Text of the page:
Fix the Debt: CEOs launch drive for 'grand bargain.' Is Washington listening?
The Fix the Debt CEOs, who are dedicated to pushing Washington toward a deficit-reducing 'grand bargain,' say they were appalled by the reckless debate over the debt ceiling in 2011.
A dozen CEOs and business leaders rang the opening bell at the New York Stock Exchange Thursday morning with a message for lawmakers in Washington: Come November, you’re going to be hearing a lot more from corporate America about getting the nation’s finances in order.
The business executives were visiting the heart of global capitalism to kick off the more than 80-strong CEO Council of the Fix the Debt campaign.
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Fix the Debt, an offshoot of a Washington think tank, is committed to pushing Washington toward a deficit-cutting “grand bargain” to solidify America’s finances for the next several decades.
Fix the Debt was co-founded by former Clinton White House chief of staff Erskine Bowles and former Republican Sen. Alan Simpson, who together co-chaired the bipartisan National Commission on Fiscal Responsibility and Reform at the behest of President Obama.
The CEOs will play an integral part in a post-election advocacy campaign by raising the issues of long term debt and deficits with members of Congress, holding town halls with their employees and the public, and working with members of Congress to develop policy solutions, said Maya MacGuineas, president of the Committee for a Responsible Federal Budget, the think tank behind Fix the Debt.
The group advocates for an approach to fixing the nation's debt problems that takes no political totems as sacred, breaking with many other business coalitions in advocating both for the necessity of some form of higher taxes – not just more tax revenue through economic growth, as many conservatives desire – and reforms to treasured social programs like Medicare that many Democrats find abhorrent.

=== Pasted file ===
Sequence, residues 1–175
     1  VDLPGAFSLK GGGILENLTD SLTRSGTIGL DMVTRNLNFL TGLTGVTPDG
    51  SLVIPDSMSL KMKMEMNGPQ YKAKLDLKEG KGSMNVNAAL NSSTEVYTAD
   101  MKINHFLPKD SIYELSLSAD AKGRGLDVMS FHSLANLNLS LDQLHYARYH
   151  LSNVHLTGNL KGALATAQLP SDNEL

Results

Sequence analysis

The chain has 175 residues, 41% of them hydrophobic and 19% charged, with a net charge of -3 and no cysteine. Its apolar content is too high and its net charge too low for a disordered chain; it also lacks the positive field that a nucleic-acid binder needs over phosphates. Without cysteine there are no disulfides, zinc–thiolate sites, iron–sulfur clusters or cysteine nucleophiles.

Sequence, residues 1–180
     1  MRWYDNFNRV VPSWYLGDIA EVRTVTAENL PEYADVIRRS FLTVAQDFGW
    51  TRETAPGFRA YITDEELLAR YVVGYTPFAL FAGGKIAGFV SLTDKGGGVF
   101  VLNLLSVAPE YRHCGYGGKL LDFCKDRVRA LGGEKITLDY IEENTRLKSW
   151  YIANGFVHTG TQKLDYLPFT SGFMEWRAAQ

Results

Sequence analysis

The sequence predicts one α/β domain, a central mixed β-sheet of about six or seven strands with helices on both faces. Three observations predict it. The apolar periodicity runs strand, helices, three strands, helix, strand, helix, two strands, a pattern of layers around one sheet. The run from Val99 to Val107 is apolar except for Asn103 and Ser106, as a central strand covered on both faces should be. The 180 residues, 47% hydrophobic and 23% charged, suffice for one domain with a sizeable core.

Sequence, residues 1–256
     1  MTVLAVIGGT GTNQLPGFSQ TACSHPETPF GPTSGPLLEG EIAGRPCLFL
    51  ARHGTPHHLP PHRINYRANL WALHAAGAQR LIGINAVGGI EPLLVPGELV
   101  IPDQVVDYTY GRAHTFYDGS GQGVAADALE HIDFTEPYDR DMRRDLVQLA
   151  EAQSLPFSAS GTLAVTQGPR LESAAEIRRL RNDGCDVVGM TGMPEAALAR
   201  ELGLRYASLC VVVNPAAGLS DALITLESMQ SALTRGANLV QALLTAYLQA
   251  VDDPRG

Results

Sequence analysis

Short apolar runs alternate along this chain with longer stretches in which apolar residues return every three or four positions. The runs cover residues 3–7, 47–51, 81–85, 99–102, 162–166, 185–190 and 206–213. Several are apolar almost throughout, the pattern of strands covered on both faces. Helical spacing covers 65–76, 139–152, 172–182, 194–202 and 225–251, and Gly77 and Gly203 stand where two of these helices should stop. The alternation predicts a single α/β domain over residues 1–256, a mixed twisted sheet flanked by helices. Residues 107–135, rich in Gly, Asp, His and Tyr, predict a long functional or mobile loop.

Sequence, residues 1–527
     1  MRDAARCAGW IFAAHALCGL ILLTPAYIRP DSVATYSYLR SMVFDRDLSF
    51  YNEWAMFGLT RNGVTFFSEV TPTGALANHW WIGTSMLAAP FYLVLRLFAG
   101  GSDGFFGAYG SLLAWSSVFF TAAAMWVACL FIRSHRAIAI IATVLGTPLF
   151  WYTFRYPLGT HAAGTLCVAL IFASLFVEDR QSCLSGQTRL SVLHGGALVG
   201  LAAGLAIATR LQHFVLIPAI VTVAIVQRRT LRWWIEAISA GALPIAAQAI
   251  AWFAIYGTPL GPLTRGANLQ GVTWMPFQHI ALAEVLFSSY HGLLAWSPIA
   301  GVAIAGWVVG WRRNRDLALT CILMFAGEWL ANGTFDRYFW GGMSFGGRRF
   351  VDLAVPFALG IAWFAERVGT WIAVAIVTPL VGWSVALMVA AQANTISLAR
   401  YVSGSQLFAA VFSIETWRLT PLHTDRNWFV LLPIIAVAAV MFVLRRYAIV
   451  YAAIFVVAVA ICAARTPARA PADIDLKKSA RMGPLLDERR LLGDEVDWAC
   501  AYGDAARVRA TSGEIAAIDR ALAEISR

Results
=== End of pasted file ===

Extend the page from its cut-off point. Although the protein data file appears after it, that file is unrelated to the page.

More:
The roots of corporate involvement in America's long-term debt picture issue lie in Washington’s last financial debacle. Several executives said they felt singed by the harrowing negotiations over raising the debt ceiling in 2011 and chastened by criticism that the business community was asleep while the American economy hurtled toward disaster. They vowed to prevent the country’s financial soundness from being taken to the brink again, alluding to the sustained threat of a default during the debt-ceiling debate.
“We don’t have the right to be that reckless,” said Paul Stebbins, the executive chairman of World Fuel Services. “When you see what happened back in” August 2011, “it would be irresponsible to not be more proactive about that now. Business doesn’t get a pass – nobody gets a pass.”
“If you go back to the debt ceiling discussion, that really shocked many of us in the business community,” concurred Dave Cote, the CEO of Honeywell, a Fortune 100 global industrial conglomerate, and a former member of Mr. Obama’s debt commission, which came to be known as Simpson-Bowles.
“We just thought this was a normal political moment [Washington was] going through, we never thought you’d be this reckless or irresponsible with the country’s finances,” Mr. Cote continued. “Well, we now have a bunch of people who are trying to say ‘We are going to pay attention.’ ”